Esophageal cancer. Clinical practice guidelines in oncology.
Esophageal cancer is a major health hazard in many parts of the world. The incidence of adenocarcinoma is rising in white men, particularly in the nonendemic areas, such as the West. Barrett's metaplasia, gastroesophageal reflux, hiatal hernia, and obesity are thought to play a role in these cases. In addition, the most common location of esophageal carcinoma has shifted to the lower third of the esophagus. Unfortunately, esophageal carcinoma is often diagnosed late; therefore, most therapeutic approaches are palliative. Advances have been made in staging procedures and in therapeutic approaches. The NCCN Esophageal Cancer Guidelines emphasize that palpable advances have been made in the treatment of locoregional esophageal carcinoma. Similarly, endoscopic palliation of esophageal carcinoma has improved substantially due to improving technology. A number of new chemotherapeutic agents are on the horizon including antireceptor agents, vaccines, gene therapy, and antiangiogenic agents. The panel expects numerous advances in the treatment of esophageal carcinoma in the future.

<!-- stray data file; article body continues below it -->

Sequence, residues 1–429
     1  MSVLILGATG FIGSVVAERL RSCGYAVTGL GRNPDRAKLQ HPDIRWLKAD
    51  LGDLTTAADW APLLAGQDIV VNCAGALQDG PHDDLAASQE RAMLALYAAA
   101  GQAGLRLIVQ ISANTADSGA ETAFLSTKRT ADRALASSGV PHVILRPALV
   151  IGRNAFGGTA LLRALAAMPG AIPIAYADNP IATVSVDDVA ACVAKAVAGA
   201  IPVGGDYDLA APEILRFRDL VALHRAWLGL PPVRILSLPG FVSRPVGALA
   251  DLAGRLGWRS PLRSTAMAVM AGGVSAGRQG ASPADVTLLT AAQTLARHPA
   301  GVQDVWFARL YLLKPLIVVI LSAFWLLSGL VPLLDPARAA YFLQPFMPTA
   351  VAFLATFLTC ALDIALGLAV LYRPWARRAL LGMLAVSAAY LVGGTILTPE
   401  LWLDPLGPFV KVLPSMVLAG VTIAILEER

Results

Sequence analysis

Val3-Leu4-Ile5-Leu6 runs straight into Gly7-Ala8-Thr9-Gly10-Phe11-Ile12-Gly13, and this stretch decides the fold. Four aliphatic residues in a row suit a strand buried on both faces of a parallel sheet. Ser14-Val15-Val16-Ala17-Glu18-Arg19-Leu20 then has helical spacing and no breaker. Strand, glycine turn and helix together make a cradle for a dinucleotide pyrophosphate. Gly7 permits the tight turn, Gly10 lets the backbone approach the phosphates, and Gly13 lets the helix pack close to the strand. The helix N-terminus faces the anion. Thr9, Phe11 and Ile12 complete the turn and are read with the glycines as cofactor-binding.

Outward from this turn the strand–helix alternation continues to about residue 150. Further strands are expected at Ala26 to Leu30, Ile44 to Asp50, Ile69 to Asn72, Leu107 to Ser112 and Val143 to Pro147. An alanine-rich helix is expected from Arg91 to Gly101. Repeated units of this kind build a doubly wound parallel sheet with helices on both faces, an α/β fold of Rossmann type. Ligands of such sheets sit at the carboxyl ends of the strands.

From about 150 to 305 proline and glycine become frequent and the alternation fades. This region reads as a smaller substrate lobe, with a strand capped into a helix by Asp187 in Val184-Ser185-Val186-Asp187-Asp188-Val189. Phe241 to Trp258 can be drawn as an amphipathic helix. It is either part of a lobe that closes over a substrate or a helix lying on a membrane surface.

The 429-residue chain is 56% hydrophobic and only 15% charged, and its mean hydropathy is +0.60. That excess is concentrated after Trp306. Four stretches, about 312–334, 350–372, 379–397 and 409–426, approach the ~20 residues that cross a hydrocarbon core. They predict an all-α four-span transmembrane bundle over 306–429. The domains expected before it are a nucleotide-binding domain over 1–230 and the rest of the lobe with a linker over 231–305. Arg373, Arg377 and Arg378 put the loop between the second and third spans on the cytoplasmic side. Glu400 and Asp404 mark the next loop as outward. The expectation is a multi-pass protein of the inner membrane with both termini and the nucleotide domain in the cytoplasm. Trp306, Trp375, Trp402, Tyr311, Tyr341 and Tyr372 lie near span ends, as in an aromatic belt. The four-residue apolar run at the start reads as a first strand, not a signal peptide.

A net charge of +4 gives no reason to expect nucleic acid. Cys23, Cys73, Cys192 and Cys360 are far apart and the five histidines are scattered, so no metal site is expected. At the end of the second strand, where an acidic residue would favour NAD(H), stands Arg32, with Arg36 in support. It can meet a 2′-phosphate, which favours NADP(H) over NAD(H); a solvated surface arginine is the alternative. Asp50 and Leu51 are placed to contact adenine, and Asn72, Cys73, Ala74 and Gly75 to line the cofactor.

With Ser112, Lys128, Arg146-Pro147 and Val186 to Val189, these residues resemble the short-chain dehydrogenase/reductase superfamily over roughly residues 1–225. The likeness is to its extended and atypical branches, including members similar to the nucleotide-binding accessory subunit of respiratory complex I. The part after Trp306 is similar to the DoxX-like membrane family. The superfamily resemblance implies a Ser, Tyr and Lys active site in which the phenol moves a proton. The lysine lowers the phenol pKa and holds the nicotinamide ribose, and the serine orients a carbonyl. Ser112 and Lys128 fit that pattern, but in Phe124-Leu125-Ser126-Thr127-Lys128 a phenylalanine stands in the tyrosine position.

Ajani, J; D'Amico, TA; Hayman, JA; Meropol, NJ; Minsky, B; National Comprehensive Cancer Network,
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